Professional association

(Redirected from Professional body)

A professional association (also called a professional body, professional organization, or professional society) usually seeks to further a particular profession, the interests of individuals and organisations engaged in that profession, and the public interest. In the United States, such an association is typically a nonprofit business league for tax purposes.[1]

Members of the Licensed Site Professional Association in Massachusetts


The roles of professional associations have been variously defined: "A group, of people in a learned occupation who are entrusted with maintaining control or oversight of the legitimate practice of the occupation;"[2] also a body acting "to safeguard the public interest;"[3] organizations which "represent the interest of the professional practitioners," and so "act to maintain their own privileged and powerful position as a controlling body."[3] Professional associations are ill defined although often have commonality in purpose and activities.[4] In the UK, the Science Council defines a professional body as "an organisation with individual members practicing a profession or occupation in which the organisation maintains an oversight of the knowledge, skills, conduct and practice of that profession or occupation".[5] The Quality Assurance Agency distinguishes between statutory bodies and regulators that "have powers mandated by Parliament to regulate a profession or group of professions and protect the use of professional titles" and professional bodies that "are independent membership organisations that oversee the activities of a particular profession and represent the interests of [their] members" and which "may offer registration or certification of unregulated occupations on a voluntary basis."[6]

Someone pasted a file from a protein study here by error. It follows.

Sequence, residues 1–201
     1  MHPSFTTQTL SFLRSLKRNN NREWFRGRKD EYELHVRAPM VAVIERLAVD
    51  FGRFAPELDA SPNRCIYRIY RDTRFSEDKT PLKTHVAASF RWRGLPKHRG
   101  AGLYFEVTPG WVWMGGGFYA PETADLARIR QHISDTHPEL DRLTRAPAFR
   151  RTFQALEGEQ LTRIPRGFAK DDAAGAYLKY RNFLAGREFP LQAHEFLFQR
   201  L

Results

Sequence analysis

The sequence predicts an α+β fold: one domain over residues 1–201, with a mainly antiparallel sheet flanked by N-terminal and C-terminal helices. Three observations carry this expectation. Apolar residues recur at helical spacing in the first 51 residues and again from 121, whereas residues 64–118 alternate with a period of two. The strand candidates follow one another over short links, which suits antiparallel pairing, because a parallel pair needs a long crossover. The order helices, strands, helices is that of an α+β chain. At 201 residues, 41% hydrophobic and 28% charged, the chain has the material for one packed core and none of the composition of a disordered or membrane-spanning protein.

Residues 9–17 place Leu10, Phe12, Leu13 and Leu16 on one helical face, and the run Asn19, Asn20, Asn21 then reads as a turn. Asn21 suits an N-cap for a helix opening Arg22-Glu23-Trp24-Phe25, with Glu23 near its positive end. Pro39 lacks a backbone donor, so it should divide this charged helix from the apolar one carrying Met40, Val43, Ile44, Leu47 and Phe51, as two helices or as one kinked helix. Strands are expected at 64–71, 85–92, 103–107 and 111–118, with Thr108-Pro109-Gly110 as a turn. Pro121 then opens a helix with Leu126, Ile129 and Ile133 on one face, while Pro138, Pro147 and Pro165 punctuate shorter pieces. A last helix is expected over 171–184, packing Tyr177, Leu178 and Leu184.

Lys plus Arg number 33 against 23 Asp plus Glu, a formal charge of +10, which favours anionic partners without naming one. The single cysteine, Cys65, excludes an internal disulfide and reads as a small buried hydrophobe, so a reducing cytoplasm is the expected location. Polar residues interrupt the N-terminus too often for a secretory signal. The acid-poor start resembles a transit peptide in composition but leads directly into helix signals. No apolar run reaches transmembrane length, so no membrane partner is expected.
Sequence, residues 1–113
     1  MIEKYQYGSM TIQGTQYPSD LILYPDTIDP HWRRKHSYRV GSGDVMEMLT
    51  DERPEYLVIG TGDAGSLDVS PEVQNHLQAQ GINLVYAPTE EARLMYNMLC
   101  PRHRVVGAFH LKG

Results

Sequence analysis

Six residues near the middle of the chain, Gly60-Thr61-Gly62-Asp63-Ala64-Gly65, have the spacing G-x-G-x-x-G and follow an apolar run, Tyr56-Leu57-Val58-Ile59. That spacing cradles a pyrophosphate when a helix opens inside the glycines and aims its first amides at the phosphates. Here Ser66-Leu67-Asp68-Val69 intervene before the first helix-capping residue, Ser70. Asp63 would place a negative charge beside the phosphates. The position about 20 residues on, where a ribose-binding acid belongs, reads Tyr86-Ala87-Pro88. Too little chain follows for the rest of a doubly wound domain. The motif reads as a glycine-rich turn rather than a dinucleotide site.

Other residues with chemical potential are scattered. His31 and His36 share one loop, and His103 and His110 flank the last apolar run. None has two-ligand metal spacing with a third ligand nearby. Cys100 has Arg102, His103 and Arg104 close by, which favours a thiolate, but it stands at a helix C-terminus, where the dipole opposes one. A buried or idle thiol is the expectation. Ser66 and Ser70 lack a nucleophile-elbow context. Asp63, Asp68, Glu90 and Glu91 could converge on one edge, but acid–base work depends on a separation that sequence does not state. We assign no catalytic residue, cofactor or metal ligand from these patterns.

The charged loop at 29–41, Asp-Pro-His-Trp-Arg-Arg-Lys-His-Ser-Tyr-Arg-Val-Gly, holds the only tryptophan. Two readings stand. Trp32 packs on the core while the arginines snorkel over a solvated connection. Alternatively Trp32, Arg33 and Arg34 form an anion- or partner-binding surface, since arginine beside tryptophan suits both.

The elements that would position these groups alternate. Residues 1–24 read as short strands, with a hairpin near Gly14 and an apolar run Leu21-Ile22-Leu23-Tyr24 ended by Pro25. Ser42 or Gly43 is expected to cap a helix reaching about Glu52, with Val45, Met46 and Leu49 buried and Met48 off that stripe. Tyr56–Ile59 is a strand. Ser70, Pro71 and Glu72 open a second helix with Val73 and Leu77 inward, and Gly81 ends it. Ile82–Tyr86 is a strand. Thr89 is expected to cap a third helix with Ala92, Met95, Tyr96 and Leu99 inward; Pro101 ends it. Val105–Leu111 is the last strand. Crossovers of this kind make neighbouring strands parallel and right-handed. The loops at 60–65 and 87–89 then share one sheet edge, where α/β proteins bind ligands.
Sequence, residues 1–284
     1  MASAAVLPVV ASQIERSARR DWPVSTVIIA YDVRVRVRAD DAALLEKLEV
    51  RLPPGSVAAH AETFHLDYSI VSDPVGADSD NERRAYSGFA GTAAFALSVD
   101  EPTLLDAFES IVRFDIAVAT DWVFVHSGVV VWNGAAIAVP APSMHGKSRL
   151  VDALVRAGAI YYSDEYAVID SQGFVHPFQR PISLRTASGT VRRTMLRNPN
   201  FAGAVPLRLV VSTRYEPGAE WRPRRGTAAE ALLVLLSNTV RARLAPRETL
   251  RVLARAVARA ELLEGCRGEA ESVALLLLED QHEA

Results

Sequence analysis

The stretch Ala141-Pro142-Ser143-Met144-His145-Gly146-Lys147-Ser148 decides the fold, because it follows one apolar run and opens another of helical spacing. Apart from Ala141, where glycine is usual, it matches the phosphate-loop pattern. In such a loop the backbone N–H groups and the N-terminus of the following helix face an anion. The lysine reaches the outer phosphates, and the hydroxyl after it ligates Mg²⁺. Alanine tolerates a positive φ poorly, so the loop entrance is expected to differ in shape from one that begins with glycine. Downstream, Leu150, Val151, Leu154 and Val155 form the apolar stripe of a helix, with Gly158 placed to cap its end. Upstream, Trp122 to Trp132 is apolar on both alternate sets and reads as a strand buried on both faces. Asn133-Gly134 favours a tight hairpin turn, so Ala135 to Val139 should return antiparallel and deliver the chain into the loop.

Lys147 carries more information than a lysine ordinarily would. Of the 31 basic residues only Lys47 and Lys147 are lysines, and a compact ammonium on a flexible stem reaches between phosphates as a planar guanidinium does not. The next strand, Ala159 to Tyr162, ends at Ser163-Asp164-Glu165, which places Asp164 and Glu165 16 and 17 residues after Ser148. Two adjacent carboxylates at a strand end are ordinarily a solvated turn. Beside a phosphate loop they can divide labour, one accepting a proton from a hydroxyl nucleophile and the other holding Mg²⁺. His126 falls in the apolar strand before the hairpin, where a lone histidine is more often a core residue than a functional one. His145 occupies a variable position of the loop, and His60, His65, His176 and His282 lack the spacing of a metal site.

Most professional organizations of global scope (see List of international professional associations) are located in the United States. The USA has often led the transformation of various occupations into professions, a process described in the academic literature as professionalization.[citation needed]

Many professional bodies are involved in accrediting degrees, defining and examining the skills and competencies necessary to practice a person, and granting professional certifications to indicate that a person is qualified in the subject area.[7] Sometimes membership of a professional body is synonymous with certification, though not always. Membership of a professional body, as a legal requirement, can in some professions form the primary formal basis for gaining entry to and setting up practice within the profession; see licensure.

Many professional bodies also act as learned societies for the academic disciplines underlying their professions.[1]

See alsoEdit


  1. ^ a b Speight, James (2014-12-10). Educating Scientists and Engineers for Academic and Non-Academic Career Success. CRC Press. p. 59. ISBN 9781466553576. Archived from the original on 2020-01-26. Retrieved 24 August 2018.
  2. ^ Harvey, L. (2004). "Professional body". Quality Research International. Analytic Quality Glossary. Archived from the original on 2019-02-16. Retrieved 2008-09-14.
  3. ^ a b Harvey, L.; Mason, S.; Ward, R. (1995). Role of Professional Bodies in Higher Education Quality Monitoring. Birmingham: Quality in Higher Education Project. ISBN 1-85920-108-3.
  4. ^ Holmes, CS. "The Nature, Form And Purpose Of Contemporary Professional Associations: An Extended Case Study Of The British Association For Counselling And Psychotherapy". Retrieved 13 October 2021.
  5. ^ "Our definition of a Professional Body". Science Council. Archived from the original on 24 February 2019. Retrieved 23 February 2019.
  6. ^ "UK Quality Code for Higher Education: Part A: Seeing and Maintaining Academic Standards" (PDF). Quality Assurance Agency. 2018. pp. 5–6. Archived from the original (PDF) on 12 April 2019. Retrieved 23 February 2019.
  7. ^ "Professional bodies and professional qualification". Target Jobs. Archived from the original on 24 February 2019. Retrieved 23 February 2019.

External linksEdit